Local News

Crabbers rebound from Ilwaco fire

State Senator Jeff Wilson and U.S. Representative Marie Gluesenkamp Perez talk with commercial fisherman Jay Vaughn in Ilwaco about the impacts of a Jan.22 seafood facility fire on local fishermen. Vaughn did not lose gear, but was able to provide some to fishermen who had. Photo by Katie Frankowicz/KMUN

ILWACO, Wash. — On Monday, commercial crabbers in Oregon and Washington state started dropping baited circular steel crab pots into the ocean.

On Thursday, they will start hauling them back up — hopefully full of Dungeness crab.

It’s a critical and fast-paced time. The bulk of the crab caught in the lucrative fishery is typically landed in the early weeks of the season.

On the water this week are fishermen who saw hundreds of their crab pots burn up in a fire at a seafood landing facility in Ilwaco, Washington, a week before the fishery was set to open.

An estimated 4,000 pots were lost in the Jan. 22 fire at the Bornstein Seafoods facility. Now, almost as many are back in the fishermen’s hands.

Crabbers up and down the West Coast rallied to get them replacement gear, loaning hundreds of pots for the entire season. Locally, people, businesses and other groups have set up donations and other aid to get fishing families through the start of the season.
Political leaders are also pledging state and federal support over the coming months.

U.S. Rep. Marie Gluesenkamp Perez, a Democrat who represents southwest Washington state, visited with community leaders, the Port of Ilwaco and fishermen late last week to discuss what resources are available to rebuild and what support might be needed at higher levels of government.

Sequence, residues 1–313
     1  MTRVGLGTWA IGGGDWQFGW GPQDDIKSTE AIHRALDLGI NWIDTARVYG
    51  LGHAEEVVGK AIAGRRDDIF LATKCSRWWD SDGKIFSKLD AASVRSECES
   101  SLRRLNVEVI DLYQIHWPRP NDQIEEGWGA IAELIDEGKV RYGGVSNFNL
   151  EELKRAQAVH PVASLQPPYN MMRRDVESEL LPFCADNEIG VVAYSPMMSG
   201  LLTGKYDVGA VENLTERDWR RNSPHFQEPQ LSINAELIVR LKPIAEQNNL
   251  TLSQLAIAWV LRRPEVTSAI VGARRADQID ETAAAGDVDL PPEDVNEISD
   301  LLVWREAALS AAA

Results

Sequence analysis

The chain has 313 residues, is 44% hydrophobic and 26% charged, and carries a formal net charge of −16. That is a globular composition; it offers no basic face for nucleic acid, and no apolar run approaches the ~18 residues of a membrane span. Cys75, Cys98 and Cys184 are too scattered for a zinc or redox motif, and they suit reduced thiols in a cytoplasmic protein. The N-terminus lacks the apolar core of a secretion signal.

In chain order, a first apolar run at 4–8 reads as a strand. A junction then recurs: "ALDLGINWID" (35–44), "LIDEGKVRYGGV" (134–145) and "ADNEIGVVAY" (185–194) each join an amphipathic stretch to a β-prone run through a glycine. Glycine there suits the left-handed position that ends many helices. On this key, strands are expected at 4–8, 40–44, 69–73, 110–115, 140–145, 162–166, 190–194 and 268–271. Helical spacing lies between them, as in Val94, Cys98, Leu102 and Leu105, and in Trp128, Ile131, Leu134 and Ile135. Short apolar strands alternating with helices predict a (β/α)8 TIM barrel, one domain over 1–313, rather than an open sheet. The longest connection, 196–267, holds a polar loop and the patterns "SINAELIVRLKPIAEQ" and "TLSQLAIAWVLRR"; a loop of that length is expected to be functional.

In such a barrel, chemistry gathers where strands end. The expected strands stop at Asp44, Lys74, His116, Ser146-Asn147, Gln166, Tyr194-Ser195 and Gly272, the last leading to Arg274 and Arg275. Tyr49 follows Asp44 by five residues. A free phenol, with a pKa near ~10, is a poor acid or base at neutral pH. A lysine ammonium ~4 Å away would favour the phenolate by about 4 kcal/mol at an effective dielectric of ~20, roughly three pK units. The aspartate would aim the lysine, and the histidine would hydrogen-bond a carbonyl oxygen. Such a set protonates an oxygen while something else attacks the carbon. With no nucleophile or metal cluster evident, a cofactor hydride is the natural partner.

The congresswoman told KMUN the way the community has come together is inspiring.

“I mean, if government worked half as well as this community does, coming together, we’d be in a much different world,” she said.

Gluesenkamp Perez said she will be looking at different types of proactive support around disaster grants and government-backed small-business loans.

“I would say often you see that the people who end up getting these grants and loans are the ones that have administrative capacity,” she said. “It’s not the owner-operator, it’s not the independent — and that’s wrong.”

Gluesenkamp Perez is the owner of a Portland auto repair shop and said she knows there’s a high barrier.

“I’m really committed to leveling the playing field and seeing this community thrive and continue to thrive as a fishing community,” she said.

With Gluesenkamp Perez was state Sen. Jeff Wilson, a Republican who represents Washington’s 19th district, which includes Ilwaco. His office has been working at the state level to make sure fishermen have what they need to get on the water.

He told KMUN credit is due to the Washington Department of Fish and Wildlife, which moved quickly to make sure fishermen had the identification tags needed for each new crab pot.

But Wilson said there is work to be done to make sure Bornstein’s can rebuild — not in two years, but in the coming year.

In Oregon, state Rep. Cyrus Javadi and Sen. Suzanne Weber said the Oregon Department of Fish and Wildlife has assured them that the 1,320 Oregon tags impacted by the fire would be reissued in time for the season at no extra cost.

“The fishing and crabbing industry is the backbone of the North Oregon Coast. Our local economy depends on their ability to bring in the highest quality seafood to feed Oregonians and the nation,” Weber, a Tillamook Republican, said in a statement.

Javadi, a Tillamook Republican, thanked the Department of Fish and Wildlife “for responding quickly to give our crabbers some much-needed regulatory flexibility during this difficult time.”

Fire investigators wrapped up their investigation into the cause of the blaze on Saturday, but have not publicly announced their findings. A final cost estimate has not been determined, but the fire resulted in a total loss. Drone footage of the site shows blackened crab pots on a skeleton dock and debris where buildings once stood.

Investigators with the federal Bureau of Alcohol, Tobacco, Firearms and Explosives are writing the final origin and cause report. Once the report is complete, the findings will be given to the Ilwaco Fire Department. 

This story is part of a collaboration between KMUN and The Astorian